The Oregon Education Association (OEA) is working closely with their Oregon partners in education to lay the groundwork for ESSA engagement through a multi-year, multi-partner collaboration to design a balanced system of assessment for meaningful student learning. Download the report. >>

Strong Partnerships = Strong Schools
Webinar: November 18th



NEA Members Are Encouraged to Meet with Legislators of Both Parties

As NEA President Lily Eskelsen García has said before, the Every Student Succeeds Act (ESSA) isn’t only about getting rid of the era of toxic testing, it’s about finding ways to improve all aspects of education and doing so with the expertise of those who know it best – our educators.

As such, U.S. Rep. Glenn Thompson (R-Pa.), senior member of the House Education and the Workforce Committee, hosted a panel-style listening session on the implementation of ESSA so he could hear from educators. Joining Thompson on the panel were federal lobbyist Erin Duncan of the National Education Association (NEA), Jacki Ball of the National PTA, and Matt Stem, Pennsylvania Department of Education. Read more. >>


South Carolina

South Carolina Local Association Spotlights ESSA’s Impact on students, educators, classrooms at Town Hall

On Feb. 6, the Beaufort County Education Association (BCEA) hosted a town-hall event in Beaufort County, South Carolina, parents, educators and other community members gathered to discuss how the Every Student Succeeds Act (ESSA) gives them a voice to change the direction of public education in their state. Participants heard an overview about ESSA from BCEA member and high school Chemistry teacher, Dawn Peebles. The event showcased how ESSA – if it’s implemented successfully – provides educators the opportunity to advocate for reductions in high-stakes testing, but most importantly how this new law can be used to help close the achievement gap for students in the state.

The South Carolina Education Association, which has hosted five ESSA-related town-halls across the state, is supporting a proposal by the S.C. Education Oversight Committee, an independent, nonpartisan group made up of educators, business people, and elected officials, to reduce testing by alternating when, and what subjects will be tested. The proposal was discussed at the town-hall, and was presented as just one of the many opportunities for educators and parents alike to take a seat at the table and influence multiple policy decisions around ESSA.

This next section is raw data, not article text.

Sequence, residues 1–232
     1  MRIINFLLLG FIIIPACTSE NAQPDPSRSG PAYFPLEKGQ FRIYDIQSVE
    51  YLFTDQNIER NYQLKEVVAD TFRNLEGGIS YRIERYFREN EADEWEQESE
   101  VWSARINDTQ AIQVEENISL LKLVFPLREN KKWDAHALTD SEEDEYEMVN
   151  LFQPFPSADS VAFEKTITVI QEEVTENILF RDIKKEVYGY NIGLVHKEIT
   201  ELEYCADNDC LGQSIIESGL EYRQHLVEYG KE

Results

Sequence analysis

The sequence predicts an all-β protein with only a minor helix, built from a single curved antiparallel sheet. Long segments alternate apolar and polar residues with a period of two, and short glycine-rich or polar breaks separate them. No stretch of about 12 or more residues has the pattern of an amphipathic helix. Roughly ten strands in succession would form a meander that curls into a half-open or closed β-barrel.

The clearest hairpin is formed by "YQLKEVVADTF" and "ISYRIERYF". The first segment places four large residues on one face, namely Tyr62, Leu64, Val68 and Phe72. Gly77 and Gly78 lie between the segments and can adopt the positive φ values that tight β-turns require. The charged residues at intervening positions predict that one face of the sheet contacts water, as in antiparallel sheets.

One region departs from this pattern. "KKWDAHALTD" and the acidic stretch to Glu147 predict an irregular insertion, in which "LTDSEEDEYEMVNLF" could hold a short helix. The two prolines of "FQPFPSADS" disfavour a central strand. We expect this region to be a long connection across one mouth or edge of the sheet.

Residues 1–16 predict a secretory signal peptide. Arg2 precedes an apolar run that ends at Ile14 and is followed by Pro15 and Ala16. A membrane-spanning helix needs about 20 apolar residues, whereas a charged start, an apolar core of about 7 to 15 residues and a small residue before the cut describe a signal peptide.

Local news coverage of the ESSA town hall.



Educators Meet to Discuss ESSA Opportunities and Challenges

ESSA’s implementation remains a work in progress at both the federal and state levels. To examine and discuss the wide range of efforts now underway, Virginia Education Association (VEA) affiliates in Hampton, Newport News, Poquoson, York, Williamsburg, and Gloucester, along with the Hampton University student chapter, organized an ESSA public forum last November attended by 50 participants, including the superintendent of Hampton City Schools, school board members from each participating local, and officials with the Virginia Department of Education.

Attendees conveyed to education department attendees how ESSA impacts their classroom and other duties. Participants were encouraged to join NEA online ESSA groups on